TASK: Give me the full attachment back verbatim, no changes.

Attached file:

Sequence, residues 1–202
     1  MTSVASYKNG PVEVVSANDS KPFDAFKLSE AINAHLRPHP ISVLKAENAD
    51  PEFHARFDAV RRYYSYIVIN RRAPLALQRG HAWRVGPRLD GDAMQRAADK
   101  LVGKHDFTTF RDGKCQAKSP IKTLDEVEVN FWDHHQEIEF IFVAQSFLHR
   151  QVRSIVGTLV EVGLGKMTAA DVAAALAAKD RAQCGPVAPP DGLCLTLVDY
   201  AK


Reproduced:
Sequence, residues 1–202
     1  MTSVASYKNG PVEVVSANDS KPFDAFKLSE AINAHLRPHP ISVLKAENAD
    51  PEFHARFDAV RRYYSYIVIN RRAPLALQRG HAWRVGPRLD GDAMQRAADK
   101  LVGKHDFTTF RDGKCQAKSP IKTLDEVEVN FWDHHQEIEF IFVAQSFLHR
   151  QVRSIVGTLV EVGLGKMTAA DVAAALAAKD RAQCGPVAPP DGLCLTLVDY
   201  AK